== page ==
Damascus has expressed its desire to enter into negotiations with
Israel. Factors that make such negotiations possible include the
position of those in the United States who are not interested in a
further rapprochement between Syria and Iran, which would
inevitably happen if a Syrian-Israeli settlement is not reached.
The new Israeli government is divided over this issue. Foreign
Minister Avigdor Lieberman has publicly rejected a possibility of
returning the Golan Heights to Syria. Defense Minister Ehud Barak,
who represents the Labor Party (Avoda) in the government, occupies
a different position.

Success in the Syrian-Israeli peace process would also help to
solve Israeli-Lebanese problems.


Attempts to achieve a Middle East settlement have been made in
three forms: direct Arab-Israeli negotiations, an intermediary
mission by the United States, and an international intermediary
mission by the U.S., Russia, the European Union and the United
Nations – the present Quartet on the Middle East. The past
experience has demonstrated the futility of two of these three
forms: attempts by the conflicting parties to come to agreement on
their own, without the involvement of outside forces, and the
monopolization of an intermediary mission by the United States.

Recent examples of that include the termination of the
Israeli-Palestinian negotiating process after the Netanyahu
government came to power in Israel and the failure of the promise
given by former U.S. president George W. Bush to achieve a peace
settlement in the Middle East before his presidency expired. The
White House did not confine itself to words. U.S. Secretary of
State Condoleezza Rice actually moved the Quartet aside and spent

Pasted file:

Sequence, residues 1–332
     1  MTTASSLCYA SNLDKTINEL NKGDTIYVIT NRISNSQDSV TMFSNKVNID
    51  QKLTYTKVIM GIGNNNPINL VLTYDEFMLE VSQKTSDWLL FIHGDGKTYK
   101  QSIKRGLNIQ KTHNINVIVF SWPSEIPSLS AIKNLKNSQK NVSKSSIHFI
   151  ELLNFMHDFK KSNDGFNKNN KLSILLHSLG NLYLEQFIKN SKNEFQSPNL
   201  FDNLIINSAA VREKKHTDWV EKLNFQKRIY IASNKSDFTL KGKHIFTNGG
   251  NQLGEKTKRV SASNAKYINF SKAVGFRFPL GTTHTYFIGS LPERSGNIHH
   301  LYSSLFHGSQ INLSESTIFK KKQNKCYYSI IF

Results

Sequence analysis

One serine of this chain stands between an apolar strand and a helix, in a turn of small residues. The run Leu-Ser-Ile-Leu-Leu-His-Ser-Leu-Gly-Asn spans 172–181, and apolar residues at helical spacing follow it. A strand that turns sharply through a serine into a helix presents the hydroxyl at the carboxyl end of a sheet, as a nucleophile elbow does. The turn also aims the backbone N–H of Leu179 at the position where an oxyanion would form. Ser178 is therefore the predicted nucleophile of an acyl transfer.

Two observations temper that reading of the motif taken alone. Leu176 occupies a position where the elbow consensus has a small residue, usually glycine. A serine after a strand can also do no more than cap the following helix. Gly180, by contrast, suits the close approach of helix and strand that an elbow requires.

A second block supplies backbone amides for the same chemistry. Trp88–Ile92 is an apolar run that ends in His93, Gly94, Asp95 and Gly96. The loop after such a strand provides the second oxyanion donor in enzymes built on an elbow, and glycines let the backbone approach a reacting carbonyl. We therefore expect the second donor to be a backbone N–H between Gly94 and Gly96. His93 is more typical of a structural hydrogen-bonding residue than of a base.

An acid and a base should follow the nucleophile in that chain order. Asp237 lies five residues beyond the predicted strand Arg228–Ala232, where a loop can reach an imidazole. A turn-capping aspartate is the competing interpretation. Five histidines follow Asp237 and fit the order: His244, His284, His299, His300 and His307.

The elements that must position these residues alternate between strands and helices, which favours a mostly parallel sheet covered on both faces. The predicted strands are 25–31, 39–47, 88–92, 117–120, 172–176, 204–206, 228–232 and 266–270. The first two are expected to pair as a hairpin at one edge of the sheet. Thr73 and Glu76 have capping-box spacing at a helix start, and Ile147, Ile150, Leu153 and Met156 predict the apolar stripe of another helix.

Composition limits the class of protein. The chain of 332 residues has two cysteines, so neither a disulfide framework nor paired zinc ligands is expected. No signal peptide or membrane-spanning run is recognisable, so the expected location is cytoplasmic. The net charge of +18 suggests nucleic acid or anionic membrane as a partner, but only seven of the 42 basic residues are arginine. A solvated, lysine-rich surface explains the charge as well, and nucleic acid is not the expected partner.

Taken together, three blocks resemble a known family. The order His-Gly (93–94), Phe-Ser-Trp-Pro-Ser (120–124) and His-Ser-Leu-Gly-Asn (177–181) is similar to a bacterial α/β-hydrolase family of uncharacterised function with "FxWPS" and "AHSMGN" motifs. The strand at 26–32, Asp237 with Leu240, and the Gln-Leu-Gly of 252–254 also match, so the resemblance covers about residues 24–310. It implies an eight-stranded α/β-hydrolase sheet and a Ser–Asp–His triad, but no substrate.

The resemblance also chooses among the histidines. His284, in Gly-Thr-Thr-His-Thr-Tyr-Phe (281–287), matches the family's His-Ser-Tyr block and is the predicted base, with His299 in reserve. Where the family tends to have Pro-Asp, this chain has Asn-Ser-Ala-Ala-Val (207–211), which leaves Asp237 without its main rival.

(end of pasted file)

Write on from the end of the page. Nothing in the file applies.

more time in the Middle East in 2008 than in any other region of
the world. It was not fortuitous that the White House named the
U.S. city of Annapolis as the venue for a Middle East summit,
intended to mark the start of the home stretch for settlement.

I would like to mention just one of the factors for the failure
of the process started at Annapolis. In order to ensure the
broadest possible Arab participation in that meeting (including
Syria, of course), Rice said that the Annapolis summit would be
followed by an international conference on Middle East settlement
in Moscow. This implied the continuity of the process, with the
active participation of Russia and other members of the Quartet.
Given all that, Moscow decided to support the American initiative
to convene an international meeting in Annapolis. President
Vladimir Putin, Foreign Minister Sergei Lavrov, his deputy
Alexander Saltanov, and other Foreign Ministry officials played the
main role in that.

I too took part in the settlement efforts. Shortly before the
Annapolis summit, on behalf of President Putin, I met with
Palestinian Authority President Mahmoud Abbas, Israeli Prime
Minister Olmert and Israeli Defense Minister Barak, Syrian
President Hafez al-Assad, Egyptian President Hosni Mubarak, and
Arab League Secretary General Amr Moussa. In Damascus, I also met
with the head of Hamas’s political bureau, Khaled Mashaal. The
keynote of all those meetings was the idea of continuity of the
Middle East settlement process, which the planned Moscow peace
conference was to ensure several months after the Annapolis
meeting. For example, President Assad of Syria linked his consent
to send a Syrian delegation to Annapolis to the idea of holding a